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River found under Sahara
September 17, 2002 1:48 PM   Subscribe

River found under Sahara Russian satellites have discovered a river flowing 700 feet under the Sahara. It carries enough water to supply 50,000 people and is said to surge with "colossal power". ---the thing that interests me most about this is the economic impact that this will have on the area. seeing as how wars are being fought over water supplies in the area, what do you see as the most likely result of this discovery??
posted by daHIFI (24 comments total)

 
That's all we needed - a reason to bless the Russian satellites. Next we'll be hearing about the advantages of the Sputnik (Sigue Sigue anyone?) and the general bonomie of Yugi Gagarin.

But bless'em anyway - great news! At least they'll have something to fight over. Me, I'm curious to know how this affects Coronel Ghadaffi's great project...
posted by MiguelCardoso at 1:57 PM on September 17, 2002


America invades, citing "regime change". Then all the water flows to NorAm. (cynical? YES!)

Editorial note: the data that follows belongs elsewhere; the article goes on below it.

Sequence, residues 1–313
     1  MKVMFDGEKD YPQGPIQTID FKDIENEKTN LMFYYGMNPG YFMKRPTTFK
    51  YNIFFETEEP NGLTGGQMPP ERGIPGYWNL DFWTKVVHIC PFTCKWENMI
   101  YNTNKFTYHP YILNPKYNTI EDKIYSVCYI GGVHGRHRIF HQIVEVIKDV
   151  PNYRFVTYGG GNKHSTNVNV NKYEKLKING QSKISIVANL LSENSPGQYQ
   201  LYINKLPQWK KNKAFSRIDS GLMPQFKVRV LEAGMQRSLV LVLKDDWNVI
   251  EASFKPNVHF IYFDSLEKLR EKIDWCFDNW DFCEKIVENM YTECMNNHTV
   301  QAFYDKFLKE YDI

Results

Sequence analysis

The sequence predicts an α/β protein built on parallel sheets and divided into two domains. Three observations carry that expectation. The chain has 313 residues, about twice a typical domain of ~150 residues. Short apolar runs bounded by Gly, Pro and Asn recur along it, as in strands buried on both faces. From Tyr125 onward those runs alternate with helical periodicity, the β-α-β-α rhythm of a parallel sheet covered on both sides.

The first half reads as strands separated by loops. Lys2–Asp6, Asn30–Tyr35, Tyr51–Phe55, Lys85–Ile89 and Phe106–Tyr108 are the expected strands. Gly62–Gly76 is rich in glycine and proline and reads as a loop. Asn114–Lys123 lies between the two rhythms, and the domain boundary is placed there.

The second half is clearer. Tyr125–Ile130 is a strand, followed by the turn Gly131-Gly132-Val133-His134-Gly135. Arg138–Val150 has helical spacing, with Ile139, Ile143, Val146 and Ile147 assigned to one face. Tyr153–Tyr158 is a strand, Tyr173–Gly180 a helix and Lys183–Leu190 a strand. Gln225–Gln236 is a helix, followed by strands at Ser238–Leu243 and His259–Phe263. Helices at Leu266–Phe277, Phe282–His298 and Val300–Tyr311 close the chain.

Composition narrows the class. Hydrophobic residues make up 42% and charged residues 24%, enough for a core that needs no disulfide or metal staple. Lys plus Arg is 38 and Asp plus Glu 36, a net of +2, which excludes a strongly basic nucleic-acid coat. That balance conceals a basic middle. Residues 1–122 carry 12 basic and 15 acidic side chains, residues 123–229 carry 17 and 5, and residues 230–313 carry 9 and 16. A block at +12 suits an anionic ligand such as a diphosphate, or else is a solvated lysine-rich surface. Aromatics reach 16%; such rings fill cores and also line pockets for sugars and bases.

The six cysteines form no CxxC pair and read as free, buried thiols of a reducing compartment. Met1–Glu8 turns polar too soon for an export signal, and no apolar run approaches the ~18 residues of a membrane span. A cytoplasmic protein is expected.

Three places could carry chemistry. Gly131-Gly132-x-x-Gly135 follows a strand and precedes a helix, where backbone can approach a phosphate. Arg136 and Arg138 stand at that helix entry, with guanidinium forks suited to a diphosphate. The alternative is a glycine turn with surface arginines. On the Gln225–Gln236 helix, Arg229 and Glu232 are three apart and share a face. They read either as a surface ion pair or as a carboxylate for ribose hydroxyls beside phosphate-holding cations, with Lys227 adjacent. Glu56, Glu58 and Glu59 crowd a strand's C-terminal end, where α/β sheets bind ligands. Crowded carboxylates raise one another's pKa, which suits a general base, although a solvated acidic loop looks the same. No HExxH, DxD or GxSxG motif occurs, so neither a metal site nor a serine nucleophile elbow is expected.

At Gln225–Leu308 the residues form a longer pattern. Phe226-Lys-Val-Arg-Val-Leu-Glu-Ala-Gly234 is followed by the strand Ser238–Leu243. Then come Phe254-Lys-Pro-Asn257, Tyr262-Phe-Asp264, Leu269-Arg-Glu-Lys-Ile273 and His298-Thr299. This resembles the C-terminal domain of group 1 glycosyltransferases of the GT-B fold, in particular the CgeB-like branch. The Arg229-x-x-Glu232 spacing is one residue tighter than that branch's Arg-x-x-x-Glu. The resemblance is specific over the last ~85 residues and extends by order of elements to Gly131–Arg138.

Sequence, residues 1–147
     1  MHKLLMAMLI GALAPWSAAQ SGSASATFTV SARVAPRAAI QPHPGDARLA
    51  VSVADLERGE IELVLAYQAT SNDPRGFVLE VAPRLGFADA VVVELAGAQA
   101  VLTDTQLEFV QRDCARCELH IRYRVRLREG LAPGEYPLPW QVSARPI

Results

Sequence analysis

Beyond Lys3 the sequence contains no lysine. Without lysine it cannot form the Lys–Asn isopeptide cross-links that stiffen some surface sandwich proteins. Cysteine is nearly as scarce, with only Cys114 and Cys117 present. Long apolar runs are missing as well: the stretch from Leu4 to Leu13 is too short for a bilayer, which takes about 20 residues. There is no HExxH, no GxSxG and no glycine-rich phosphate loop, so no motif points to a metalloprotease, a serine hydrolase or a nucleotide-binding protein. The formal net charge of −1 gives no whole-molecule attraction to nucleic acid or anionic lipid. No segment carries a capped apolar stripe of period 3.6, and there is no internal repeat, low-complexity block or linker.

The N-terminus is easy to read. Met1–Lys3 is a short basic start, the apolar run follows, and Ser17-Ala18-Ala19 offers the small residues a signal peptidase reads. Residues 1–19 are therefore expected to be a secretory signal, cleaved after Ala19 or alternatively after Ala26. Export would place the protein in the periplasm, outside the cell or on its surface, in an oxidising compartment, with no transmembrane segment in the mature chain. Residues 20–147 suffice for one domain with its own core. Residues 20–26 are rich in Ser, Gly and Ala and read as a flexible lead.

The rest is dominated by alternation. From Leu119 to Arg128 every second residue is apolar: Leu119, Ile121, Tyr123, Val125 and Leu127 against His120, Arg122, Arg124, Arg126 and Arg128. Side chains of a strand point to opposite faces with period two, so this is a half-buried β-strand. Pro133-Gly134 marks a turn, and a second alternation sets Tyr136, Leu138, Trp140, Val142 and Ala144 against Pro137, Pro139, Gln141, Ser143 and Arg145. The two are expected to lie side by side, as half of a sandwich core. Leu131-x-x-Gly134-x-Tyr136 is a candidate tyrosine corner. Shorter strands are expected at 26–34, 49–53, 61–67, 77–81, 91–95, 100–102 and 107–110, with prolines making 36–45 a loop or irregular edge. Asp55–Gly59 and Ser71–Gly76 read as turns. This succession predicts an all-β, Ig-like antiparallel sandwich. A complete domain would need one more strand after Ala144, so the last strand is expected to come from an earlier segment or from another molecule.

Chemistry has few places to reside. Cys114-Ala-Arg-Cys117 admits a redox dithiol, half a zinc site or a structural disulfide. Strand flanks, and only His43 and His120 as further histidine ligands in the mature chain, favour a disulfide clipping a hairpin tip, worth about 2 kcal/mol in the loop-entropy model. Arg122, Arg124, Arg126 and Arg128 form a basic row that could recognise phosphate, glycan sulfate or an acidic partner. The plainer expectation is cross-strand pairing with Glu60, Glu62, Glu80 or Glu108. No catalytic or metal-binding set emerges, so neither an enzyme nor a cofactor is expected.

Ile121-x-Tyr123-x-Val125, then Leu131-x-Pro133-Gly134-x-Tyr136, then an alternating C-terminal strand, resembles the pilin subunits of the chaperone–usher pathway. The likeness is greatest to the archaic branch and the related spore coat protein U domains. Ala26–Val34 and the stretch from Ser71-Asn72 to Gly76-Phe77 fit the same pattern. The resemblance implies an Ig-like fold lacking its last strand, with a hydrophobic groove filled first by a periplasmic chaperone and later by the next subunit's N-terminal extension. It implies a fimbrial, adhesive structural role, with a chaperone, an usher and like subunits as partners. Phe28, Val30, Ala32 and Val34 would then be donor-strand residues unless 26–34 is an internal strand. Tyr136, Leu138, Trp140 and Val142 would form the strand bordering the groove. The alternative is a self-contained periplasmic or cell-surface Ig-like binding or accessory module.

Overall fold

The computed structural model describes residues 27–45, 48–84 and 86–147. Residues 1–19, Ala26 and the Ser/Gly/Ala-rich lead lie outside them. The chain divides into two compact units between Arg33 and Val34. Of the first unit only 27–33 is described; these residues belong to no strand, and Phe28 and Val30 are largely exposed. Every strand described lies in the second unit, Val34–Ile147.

posted by owillis at 1:57 PM on September 17, 2002


Yuri, I meant.
posted by MiguelCardoso at 1:57 PM on September 17, 2002


I don't know, Miguel - looks almost like Yogi Gagarin. You know, the lovable cosmonaut bear who always steals pick-a-nick baskets from Space Ranger Smith.
posted by starvingartist at 2:07 PM on September 17, 2002


I'm sure some corporate interest will be there in a minute to purchase water rights.
posted by kat at 2:08 PM on September 17, 2002


The 65,000 people that live in Atar will have more water and they can irrigate a few more fields. This probably won't revolutionize their economy.
posted by joeadk at 2:13 PM on September 17, 2002


Couldn't have happened to a nicer place...
posted by zeoslap at 2:13 PM on September 17, 2002


Water for 50000 people isn't that much in the grand scheme of nations with millions of people in them, and the power of such a stream is probably dwarfed by locally available solar power, which is available on the surface and not 700 feet below ground. On preview: As joeadk says, it's better than a kick in the head, but not a significant enough resource to foment radical change or instability.
posted by cardboard at 2:21 PM on September 17, 2002


I'm a bit confused by the "river" idea. Aquifers I understand, but it seems unlikely that this thing is actually "surging with colassal power." For that, wouldn't it have to have umimpeded flow underground and a fairly clear outlet?
posted by hippugeek at 2:30 PM on September 17, 2002


For that, wouldn't it have to have umimpeded flow underground and a fairly clear outlet?

Though many underground rivers flow through porous rock, there are plenty that do flow through open passages (water filled caverns, essentially.)
posted by badstone at 2:53 PM on September 17, 2002